I was out with friends at South Street last night, and at around 10:30 I knew it was time to go home.
"I'd love to go to the next whiskey bar, but I want to get up to make sure I can run," I said to them. Off they went, and off I went to my home.
This week I signed up to go on the Sunday Sixer put together by the Charlottesville Area Trail running club. I have been looking for opportunities to run socially for a long time and now that I don't have two jobs, I decided to sign up so I went home to prepare.
I woke up at 7:00 am, and wanted to keep sleeping. So, I did, drifting into a deep sleep with multiple dreams. I have incredibly vivid dreams about my real life all the time, and I remember most of them, at least for a little while.
So, I woke up at 8:40 am again, taking every second I could to dream.
But, I knew I couldn't stay there. I knew I had to get out and live a dream.
I drove there, not sure what was going to happen. Our departure point was The Park behind the law school, past Dsrden. I was so thirsty and did not feel like I was hydrated enough. I thought about stopping for something, but I was late and did not want to hold things up. So I drove there, and got to a parking lot on a beautiful sunny morning.
I got out. Three men dressed in running attire were waiting. One was bald with a beard and short and stocky. The other two were tall, lanky, and looked like they could run rings around me. I turned my watch on, and as soon as it synced, we were off on the trail.
I've not run the Rivanna Trail much lately. The only part I usually do runs east from Fifth Street Extended, but it's been closed as the Rivanna Water and Sewer Authority have been doing work.
I love running on a trail. You have to pay so much more attention to each and every footfall. There could be a root, a rock, a patch of mud. Your body moves in different ways. A part of your brain kicks in that doesn't need much work if you're just running down a road.
So, there we were, four people off on a Sunday morning run. Kurt, my fellow stocky guy, was right in front me as we took off. I watched his movements to try to anticipate what I should do. Where would his legs go? How would he move through? We set off fast.
I didn't pay attention at all to where I was for the first two miles. I didn't talk. I just kept my mouth shut and tried to keep up with the pace. I didn't even really look at my watch much. I just wanted to stay in the pack, three out of four.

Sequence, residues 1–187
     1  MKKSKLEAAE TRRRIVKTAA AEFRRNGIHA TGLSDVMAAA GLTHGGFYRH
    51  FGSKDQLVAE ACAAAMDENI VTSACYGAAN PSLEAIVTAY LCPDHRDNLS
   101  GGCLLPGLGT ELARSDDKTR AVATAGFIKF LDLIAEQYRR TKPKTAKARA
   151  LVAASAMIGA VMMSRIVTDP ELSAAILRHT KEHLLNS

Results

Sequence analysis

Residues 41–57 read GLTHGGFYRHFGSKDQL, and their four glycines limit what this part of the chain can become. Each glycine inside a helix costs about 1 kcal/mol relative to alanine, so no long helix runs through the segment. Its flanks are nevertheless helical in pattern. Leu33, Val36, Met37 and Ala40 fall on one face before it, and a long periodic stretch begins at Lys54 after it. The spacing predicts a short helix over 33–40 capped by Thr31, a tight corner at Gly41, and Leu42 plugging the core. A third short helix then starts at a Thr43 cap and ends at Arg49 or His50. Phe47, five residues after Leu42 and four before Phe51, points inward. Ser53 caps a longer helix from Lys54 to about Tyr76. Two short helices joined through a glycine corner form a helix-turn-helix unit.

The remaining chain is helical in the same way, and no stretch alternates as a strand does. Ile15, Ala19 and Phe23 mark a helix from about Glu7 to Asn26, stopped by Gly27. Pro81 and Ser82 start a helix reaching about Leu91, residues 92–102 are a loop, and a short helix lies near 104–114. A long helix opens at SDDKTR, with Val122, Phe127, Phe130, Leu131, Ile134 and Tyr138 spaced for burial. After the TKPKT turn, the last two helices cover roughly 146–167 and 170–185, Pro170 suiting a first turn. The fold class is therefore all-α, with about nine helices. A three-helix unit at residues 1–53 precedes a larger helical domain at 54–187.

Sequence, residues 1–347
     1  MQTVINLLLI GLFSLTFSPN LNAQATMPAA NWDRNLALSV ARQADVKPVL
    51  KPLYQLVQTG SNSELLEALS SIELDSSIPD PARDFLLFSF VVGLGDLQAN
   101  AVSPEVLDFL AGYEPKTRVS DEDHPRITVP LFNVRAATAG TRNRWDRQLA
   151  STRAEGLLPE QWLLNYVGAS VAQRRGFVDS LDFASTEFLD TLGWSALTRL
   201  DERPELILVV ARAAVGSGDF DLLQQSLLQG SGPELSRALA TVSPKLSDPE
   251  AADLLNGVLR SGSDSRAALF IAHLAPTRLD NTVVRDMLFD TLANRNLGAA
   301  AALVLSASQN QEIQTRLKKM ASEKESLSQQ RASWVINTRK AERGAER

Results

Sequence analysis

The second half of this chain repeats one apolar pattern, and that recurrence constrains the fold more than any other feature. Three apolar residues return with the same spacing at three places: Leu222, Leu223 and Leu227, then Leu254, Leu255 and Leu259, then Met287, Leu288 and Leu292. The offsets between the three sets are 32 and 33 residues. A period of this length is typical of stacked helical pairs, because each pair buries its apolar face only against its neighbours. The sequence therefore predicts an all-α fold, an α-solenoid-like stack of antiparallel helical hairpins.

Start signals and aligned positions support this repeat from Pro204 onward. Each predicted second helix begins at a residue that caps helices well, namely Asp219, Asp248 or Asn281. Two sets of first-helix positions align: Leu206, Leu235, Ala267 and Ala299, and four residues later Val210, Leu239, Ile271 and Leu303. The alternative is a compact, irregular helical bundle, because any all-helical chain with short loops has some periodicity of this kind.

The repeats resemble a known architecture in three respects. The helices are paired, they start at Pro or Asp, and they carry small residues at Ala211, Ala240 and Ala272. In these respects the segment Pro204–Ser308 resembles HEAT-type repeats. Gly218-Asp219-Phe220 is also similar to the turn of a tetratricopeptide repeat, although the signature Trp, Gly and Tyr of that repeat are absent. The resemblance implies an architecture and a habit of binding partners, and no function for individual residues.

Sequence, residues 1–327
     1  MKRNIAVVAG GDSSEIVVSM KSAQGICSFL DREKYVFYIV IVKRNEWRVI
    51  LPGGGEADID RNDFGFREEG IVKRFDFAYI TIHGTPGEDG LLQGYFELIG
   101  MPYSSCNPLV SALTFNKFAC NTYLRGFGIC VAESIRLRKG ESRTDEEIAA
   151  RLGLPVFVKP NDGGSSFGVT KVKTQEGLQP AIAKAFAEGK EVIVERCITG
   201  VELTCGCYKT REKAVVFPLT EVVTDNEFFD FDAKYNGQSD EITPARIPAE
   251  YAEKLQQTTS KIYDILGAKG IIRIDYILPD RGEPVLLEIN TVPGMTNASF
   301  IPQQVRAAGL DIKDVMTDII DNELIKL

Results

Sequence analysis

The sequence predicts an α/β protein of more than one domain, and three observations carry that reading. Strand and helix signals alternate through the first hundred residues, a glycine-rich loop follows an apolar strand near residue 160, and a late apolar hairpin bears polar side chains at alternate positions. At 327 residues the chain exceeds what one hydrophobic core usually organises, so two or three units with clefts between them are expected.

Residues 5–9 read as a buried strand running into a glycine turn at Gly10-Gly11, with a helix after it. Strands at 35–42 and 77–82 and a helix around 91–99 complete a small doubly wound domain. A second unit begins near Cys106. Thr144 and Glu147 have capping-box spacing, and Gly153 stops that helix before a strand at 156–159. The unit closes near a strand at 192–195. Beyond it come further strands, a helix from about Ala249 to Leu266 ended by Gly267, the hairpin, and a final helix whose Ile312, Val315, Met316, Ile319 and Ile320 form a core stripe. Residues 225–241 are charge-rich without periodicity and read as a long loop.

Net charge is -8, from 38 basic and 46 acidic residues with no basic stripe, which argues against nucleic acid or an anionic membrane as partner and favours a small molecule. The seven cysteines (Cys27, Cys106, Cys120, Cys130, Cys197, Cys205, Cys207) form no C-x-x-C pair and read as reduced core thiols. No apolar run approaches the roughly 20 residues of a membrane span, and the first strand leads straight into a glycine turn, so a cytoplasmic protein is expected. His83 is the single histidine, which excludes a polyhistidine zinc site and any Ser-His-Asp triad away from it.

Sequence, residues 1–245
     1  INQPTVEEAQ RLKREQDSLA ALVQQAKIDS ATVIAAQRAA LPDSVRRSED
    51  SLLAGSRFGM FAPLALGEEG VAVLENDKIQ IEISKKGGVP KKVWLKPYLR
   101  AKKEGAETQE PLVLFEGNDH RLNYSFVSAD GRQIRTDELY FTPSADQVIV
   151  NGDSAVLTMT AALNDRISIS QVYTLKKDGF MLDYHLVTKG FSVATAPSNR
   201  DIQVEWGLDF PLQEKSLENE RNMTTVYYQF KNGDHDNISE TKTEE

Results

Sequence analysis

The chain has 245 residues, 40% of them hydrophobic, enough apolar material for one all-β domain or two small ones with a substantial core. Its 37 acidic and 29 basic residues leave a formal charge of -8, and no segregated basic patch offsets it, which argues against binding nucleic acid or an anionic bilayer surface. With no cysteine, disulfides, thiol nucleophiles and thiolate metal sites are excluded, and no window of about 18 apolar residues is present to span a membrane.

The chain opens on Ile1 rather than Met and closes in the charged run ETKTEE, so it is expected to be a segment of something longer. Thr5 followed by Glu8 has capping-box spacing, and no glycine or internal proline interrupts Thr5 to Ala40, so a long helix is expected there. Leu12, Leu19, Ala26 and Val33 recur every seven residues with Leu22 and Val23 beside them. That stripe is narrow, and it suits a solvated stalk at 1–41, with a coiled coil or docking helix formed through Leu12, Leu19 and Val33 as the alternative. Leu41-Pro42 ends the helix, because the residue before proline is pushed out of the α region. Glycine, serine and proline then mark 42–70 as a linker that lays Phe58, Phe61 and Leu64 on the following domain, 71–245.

As a person who writes about transportation and urban planning, I knew a lot about the land we were covering. But, while I was huffing and puffing to keep up, I wasn't thinking at all about that. I was just thinking how much fun it was to be out with people running. Footfall after footfall on a nice morning in late winter.
At one point, I had to tell the guy behind me I needed to slow down to catch my breath. He obliged, and we started talking. Drew runs 100 mile races and I peppered him with questions about what that felt like. How did he train? Did he really run straight through? What was it like crossing the finish line?
That experience seems alien to me, but there we were running on the trail together. We went through two tunnels under roads, which felt incredibly urban to me, even thought the rest of our setting was woods.
And then we got to this impossible hill. I was told that on the other side was the Meadow Creek Parkway. I was amazed at how far up we were into Albemarle County, because we were only two and a half miles or so away from our origin. Up and up and up we went, and then down and down and down we went and suddenly we were on the trail built alongside the parkway. We saw lots of people on it, and ran past them, and it was here where I confessed I was a reporter.
And we just kept running, on the streets we had to run to get back to trails. It was one of the best mornings I've had in a long time. I remember how communal running can feel, something I've not really done since 2009.
Earlier in the run I had told Drew, the guy who runs the 100-milers, that I was concerned about the mud because I didn't want to end up with an injury.
"Just go right through it," he had said.
But I was skeptical. I ended my communal running shortly after getting an injury during a 16-mile run.
But, as we came towards the end of the run, I found myself deliberately attacking the mud, feeling the slippery connection between foot and wet ground, splashing mud all over the place. I felt alive! And in those moments where I felt weak and like I couldn't go on, I conquered that doubt by putting everything in perspective. I was being human, doing what my body is capable of doing. Running through space, pushing myself as fast as I could, to keep up with others. I am not alone. I am part of something. I am part of a system of humanity that's been with us since our forebears ran to hunt, ran to escape, ran for survival.
And sometimes, I think, isn't that why I run too?